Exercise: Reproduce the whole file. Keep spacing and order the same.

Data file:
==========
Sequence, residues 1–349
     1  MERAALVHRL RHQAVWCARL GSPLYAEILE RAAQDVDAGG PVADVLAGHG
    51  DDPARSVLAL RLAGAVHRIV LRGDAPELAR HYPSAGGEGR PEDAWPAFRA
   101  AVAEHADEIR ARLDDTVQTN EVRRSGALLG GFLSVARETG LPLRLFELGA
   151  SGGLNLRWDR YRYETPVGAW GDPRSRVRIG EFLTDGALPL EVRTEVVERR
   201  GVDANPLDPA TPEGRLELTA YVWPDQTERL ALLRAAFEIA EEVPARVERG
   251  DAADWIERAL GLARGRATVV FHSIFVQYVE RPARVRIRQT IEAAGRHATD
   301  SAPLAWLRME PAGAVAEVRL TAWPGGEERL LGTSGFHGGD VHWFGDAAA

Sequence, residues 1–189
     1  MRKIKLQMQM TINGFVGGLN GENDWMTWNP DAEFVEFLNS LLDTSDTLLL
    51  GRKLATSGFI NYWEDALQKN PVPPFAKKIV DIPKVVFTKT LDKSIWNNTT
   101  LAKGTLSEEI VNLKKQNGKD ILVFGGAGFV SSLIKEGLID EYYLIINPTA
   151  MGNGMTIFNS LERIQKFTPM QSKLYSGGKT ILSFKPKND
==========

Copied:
Sequence, residues 1–349
     1  MERAALVHRL RHQAVWCARL GSPLYAEILE RAAQDVDAGG PVADVLAGHG
    51  DDPARSVLAL RLAGAVHRIV LRGDAPELAR HYPSAGGEGR PEDAWPAFRA
   101  AVAEHADEIR ARLDDTVQTN EVRRSGALLG GFLSVARETG LPLRLFELGA
   151  SGGLNLRWDR YRYETPVGAW GDPRSRVRIG EFLTDGALPL EVRTEVVERR
   201  GVDANPLDPA TPEGRLELTA YVWPDQTERL ALLRAAFEIA EEVPARVERG
   251  DAADWIERAL GLARGRATVV FHSIFVQYVE RPARVRIRQT IEAAGRHATD
   301  SAPLAWLRME PAGAVAEVRL TAWPGGEERL LGTSGFHGGD VHWFGDAAA

Sequence, residues 1–189
     1  MRKIKLQMQM TINGFVGGLN GENDWMTWNP DAEFVEFLNS LLDTSDTLLL
    51  GRKLATSGFI NYWEDALQKN PVPPFAKKIV DIPKVVFTKT LDKSIWNNTT
   101  LAKGTLSEEI VNLKKQNGKD ILVFGGAGFV SSLIKEGLID EYYLIINPTA
   151  MGNGMTIFNS LERIQKFTPM QSKLYSGGKT ILSFKPKND